Monday, August 30, 2010

10,000 Hour Rule Post-Divorce

The high performance literature tells us that you have to work hard to excel. Recently popularized in Malcolm Gladwell’s book Outliers, I think it’s useful for considering the post-divorce learning curve.

Although the 10,000 hours rule is discussed as several hours a day over 10 years to build a business or master a sport, I think it's a good post-divorce rule.  Consider that you practice being a divorced person 24-7. Or at least during your waking hours. Okay, quite possibly while you’re asleep as well. By my calculations, it would take just a little over a year to be an expert. How long do you think it would take to be a talented amateur? I’m thinking it would take only half that time, give or take.

High performance requires a few things which I think are relevant for excelling in your post-divorce life.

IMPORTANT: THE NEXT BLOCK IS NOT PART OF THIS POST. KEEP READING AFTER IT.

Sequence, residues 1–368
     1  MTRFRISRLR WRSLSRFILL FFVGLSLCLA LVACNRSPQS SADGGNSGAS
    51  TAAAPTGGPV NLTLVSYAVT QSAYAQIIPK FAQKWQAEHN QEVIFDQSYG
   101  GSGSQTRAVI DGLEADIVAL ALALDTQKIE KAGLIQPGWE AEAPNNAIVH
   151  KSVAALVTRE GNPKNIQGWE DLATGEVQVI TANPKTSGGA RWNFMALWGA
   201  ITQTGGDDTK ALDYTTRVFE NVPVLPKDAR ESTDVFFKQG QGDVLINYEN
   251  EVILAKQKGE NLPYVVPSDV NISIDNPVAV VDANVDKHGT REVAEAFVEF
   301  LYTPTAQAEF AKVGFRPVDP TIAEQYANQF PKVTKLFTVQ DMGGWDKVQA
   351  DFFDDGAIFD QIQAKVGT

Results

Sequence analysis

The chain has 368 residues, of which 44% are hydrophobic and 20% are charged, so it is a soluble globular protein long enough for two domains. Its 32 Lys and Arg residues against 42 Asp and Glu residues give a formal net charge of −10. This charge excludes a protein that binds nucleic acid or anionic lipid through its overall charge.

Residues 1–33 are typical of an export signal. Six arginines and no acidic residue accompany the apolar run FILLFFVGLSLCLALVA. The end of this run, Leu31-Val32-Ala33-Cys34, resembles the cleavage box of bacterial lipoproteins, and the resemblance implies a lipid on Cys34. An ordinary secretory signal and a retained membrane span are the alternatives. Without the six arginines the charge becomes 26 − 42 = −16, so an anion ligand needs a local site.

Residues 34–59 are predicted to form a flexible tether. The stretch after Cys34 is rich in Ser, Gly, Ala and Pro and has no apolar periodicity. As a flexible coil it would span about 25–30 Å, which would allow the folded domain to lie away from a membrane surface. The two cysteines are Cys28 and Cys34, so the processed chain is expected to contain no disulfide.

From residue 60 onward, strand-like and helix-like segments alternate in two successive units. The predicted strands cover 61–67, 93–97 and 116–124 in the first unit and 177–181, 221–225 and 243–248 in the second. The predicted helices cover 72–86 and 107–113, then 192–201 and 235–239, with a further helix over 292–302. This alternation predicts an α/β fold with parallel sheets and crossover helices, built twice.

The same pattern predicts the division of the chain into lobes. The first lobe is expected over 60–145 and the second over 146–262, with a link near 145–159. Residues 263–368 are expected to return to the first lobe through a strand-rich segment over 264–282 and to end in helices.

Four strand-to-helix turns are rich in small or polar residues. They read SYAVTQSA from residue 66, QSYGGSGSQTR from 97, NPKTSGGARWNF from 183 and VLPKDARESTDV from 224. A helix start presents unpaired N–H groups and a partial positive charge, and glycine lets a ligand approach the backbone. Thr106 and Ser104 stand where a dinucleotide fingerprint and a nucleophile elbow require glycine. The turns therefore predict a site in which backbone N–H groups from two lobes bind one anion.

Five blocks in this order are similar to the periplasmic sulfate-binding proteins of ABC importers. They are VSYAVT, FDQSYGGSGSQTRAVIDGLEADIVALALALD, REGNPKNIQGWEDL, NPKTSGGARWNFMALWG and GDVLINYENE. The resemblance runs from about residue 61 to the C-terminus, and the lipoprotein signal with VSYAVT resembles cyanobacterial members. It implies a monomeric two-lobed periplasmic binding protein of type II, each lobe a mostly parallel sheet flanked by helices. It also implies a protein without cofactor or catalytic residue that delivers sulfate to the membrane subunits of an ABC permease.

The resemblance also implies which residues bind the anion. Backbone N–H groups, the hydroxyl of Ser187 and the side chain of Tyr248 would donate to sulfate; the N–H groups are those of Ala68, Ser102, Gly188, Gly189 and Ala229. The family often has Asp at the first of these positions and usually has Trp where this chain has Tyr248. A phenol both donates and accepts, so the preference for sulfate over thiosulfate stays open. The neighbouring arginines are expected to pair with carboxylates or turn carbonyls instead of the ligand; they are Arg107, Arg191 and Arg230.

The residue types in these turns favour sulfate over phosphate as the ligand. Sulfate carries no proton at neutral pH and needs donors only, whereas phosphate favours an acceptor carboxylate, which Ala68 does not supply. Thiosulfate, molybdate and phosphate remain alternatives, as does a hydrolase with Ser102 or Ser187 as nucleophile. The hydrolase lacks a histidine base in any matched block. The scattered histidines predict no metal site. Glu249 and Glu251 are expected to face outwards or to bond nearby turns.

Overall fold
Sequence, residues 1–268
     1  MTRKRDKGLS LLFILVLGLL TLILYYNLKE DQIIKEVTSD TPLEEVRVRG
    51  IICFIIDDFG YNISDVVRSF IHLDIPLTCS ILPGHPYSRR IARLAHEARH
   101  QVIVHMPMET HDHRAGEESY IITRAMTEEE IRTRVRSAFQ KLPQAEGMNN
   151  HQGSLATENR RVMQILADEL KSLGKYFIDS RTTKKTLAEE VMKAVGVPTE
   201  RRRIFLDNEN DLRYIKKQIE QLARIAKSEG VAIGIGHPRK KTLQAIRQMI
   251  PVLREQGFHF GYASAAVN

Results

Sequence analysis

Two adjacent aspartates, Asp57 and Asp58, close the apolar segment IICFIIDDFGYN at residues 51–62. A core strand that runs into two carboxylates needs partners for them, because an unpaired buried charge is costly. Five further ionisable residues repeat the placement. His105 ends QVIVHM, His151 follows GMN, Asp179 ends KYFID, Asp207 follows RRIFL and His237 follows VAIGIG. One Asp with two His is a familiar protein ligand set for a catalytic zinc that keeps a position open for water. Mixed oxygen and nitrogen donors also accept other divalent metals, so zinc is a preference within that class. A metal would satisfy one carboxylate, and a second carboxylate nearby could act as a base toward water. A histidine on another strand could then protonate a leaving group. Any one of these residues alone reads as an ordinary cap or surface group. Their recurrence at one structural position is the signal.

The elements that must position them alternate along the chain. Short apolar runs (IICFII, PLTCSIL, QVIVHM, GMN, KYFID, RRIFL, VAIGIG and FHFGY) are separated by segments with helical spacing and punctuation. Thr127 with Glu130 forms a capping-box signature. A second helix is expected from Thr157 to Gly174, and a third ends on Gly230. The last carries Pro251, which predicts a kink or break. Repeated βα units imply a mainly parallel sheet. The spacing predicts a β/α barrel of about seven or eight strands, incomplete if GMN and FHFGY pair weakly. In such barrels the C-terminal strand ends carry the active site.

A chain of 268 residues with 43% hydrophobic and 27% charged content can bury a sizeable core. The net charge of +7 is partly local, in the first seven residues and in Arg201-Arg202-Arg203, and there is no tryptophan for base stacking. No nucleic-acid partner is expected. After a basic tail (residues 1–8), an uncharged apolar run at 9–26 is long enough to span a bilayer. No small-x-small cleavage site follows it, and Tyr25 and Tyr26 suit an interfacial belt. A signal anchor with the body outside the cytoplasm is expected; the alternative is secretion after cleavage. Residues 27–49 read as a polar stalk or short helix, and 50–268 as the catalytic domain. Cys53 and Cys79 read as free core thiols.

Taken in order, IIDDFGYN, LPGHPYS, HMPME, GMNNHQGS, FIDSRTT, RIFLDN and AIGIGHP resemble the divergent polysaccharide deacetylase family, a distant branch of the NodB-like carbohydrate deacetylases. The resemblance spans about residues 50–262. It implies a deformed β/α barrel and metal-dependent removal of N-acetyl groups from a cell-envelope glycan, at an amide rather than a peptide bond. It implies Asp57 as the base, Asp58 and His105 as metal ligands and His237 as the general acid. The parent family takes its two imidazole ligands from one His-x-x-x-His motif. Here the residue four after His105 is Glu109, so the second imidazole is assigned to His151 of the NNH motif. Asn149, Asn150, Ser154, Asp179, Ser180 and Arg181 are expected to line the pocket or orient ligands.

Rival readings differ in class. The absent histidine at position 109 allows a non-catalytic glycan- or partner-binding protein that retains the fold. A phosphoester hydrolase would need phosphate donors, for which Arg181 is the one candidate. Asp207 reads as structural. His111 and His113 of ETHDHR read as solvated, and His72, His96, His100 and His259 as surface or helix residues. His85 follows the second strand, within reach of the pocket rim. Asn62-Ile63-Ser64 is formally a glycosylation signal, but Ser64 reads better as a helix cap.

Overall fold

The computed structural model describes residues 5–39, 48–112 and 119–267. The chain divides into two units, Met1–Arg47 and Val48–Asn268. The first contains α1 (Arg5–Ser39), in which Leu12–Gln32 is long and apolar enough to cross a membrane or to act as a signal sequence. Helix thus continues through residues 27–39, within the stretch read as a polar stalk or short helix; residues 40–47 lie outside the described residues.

1. Pursue your passion. You’re divorced, so being single better be your passion, right? Embrace it.

2. Develop and focus on goals. Breathe, exercise, meditate or do whatever you do to create and focus on your goals. You may have a goal of the day (e.g., getting through this day without snapping at anyone) or a goal of the week (e.g., getting me out to socialize two times) or a 6 month goal (e.g., finding a new house or job).

3. Pump yourself up. Music, fist pumping, dancing or getting a pep talk from a friend, all serve to get you excited about your goals and go for them.

4. Develop routines. Athletes, performers and creatives all have routines. They help us focus, stay on track and waste less time. If I deviate from my getting-ready-for-work routine I’m sure to forget my watch, take too long to get out of the house or otherwise start the day in a bit of a frenzy. Make new routines and follow them.

5. Use affirmations. I think I can I think I can I think I can. You can! Tell yourself in whatever way that works for you that you can do this, and you can do it well.

6. Take breaks to renew. Sometimes you just need time alone. No commitments, no plans, maybe just a good book or a few movies. But not for too long. It’s just a break and then you get back to your routines and goals.

208 days is not so terribly long. That’s my prediction for how long it can take to achieve talented amateur status in the post-divorce world.

Pump up with Put Your Records On – Corinne Bailey Rae

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